So, in the fast moving next decade, look for most major new developments to come from start-ups and small companies. In large organizations, the death-knell is ringing for corporate R&D and bloated central engineering staffs, as the power shifts to small, independent and feisty divisions. While the conglomerates are conglomerating and divesting the dogs, the winners are wisely left in the respective portfolios to continue the track record of success. The parent provides fuel for further growth through additional investment capital and leveraging of worldwide sales channels.

Sales Channels Change Drastically

The success of the Internet has created a universal platform for networking intelligence and interaction. With more than 100 million Internet users, e-business has taken root and will continue to grow rapidly. More than $200 billion of online e-commerce was conducted in 1999 and that number is expected to reach $2 trillion by 2003. This growth represents a major shift in the way businesses will be able to serve their customers. It is now possible for companies to be in direct contact with customers to communicate, sell, track, coordinate and develop relationships in a unique form of B2B (business-to-business) interaction. Soon, it will not only be expected, but demanded.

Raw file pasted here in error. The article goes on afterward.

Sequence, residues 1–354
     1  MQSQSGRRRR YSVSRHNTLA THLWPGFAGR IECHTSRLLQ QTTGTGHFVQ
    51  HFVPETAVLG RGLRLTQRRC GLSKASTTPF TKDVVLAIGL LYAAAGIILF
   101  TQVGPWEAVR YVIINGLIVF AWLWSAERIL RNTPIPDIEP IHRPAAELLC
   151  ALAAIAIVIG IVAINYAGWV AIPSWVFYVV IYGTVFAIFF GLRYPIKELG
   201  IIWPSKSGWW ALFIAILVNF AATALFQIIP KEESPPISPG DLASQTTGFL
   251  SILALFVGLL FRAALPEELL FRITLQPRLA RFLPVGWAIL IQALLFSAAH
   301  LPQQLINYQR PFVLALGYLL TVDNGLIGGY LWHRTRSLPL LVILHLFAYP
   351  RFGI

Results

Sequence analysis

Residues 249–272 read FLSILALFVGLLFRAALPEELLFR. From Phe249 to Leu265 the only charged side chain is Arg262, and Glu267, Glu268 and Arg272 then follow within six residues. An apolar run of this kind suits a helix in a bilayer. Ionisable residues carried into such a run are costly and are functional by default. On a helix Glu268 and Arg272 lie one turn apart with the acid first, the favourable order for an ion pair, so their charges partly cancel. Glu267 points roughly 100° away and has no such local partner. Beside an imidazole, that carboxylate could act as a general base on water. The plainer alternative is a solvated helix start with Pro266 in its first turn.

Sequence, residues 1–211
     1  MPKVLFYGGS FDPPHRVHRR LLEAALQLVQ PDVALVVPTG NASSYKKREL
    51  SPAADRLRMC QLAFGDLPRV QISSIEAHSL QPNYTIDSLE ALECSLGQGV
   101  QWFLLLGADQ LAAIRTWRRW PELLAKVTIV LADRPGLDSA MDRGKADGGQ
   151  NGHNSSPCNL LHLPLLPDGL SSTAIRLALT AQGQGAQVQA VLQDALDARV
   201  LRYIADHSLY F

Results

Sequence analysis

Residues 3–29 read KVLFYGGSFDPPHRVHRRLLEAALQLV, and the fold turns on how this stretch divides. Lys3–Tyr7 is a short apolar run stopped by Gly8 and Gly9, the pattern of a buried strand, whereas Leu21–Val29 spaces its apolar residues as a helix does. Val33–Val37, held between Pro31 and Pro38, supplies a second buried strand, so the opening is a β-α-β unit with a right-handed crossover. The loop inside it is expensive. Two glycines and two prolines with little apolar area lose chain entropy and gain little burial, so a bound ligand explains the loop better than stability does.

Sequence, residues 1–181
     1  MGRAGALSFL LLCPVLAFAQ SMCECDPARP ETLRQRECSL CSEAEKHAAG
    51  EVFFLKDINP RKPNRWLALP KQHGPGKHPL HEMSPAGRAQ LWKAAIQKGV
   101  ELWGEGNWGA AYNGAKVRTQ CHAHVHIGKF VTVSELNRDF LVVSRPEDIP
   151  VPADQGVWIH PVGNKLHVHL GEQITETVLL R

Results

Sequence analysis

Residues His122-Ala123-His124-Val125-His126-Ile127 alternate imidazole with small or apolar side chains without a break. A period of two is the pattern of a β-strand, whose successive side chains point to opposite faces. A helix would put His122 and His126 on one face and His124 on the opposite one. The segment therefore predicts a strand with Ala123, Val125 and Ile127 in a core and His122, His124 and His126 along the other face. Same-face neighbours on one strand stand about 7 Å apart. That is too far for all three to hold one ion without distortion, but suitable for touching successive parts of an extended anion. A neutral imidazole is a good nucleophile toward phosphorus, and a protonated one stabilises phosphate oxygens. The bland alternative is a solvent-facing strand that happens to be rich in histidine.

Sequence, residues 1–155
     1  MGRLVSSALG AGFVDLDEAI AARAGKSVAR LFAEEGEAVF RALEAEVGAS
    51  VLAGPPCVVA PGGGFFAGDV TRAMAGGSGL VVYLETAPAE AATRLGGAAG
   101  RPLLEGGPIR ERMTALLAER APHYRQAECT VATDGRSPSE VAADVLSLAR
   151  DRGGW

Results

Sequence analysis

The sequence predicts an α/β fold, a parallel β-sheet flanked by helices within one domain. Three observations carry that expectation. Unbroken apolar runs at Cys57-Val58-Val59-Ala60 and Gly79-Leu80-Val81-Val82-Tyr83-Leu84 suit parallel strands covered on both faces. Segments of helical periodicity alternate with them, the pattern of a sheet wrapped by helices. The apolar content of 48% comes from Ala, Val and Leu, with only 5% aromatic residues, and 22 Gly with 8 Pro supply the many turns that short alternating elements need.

Sales in the industrial automation markets, especially in North America, is done though a combination of independent sales representatives, stocking distributors and company-direct sales forces. With the advent of e-commerce, a significant level of disintermediation will take place - elimination of the ineffective middleman. A large portion of the specialized information, product selection and applications assistance can be communicated directly with the customer, obviating the need for intermediaries. The major restructuring of sales channels is inevitable.

Competition and Growth in the New Economy

With the tremendous proliferation of Internet connectivity, the vision of perfect competition is becoming a reality. Consumers can now find out the prices offered by all vendors for any product. New markets have opened up and prices have dropped. When businesses can deliver information through a network anywhere in the world, 24 hours a day and 7 days a week, the advantage goes to the firm that provides the greatest value, the best-known brand and the easiest delivery mechanism.

Growth is fostered by the increasing size of new markets opened up by new technologies. Products with a high knowledge component generate higher returns and greater growth potential. Competition and innovation go hand in hand. Products and processes can be swiftly imitated and competitive advantage can swiftly be eroded. Knowledge spreads more quickly and, to compete, a company must be able to innovate in all the multi-faceted areas of business more quickly than its competitors.

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Copyright 2000 : Jim Pinto, San Diego, CA, USA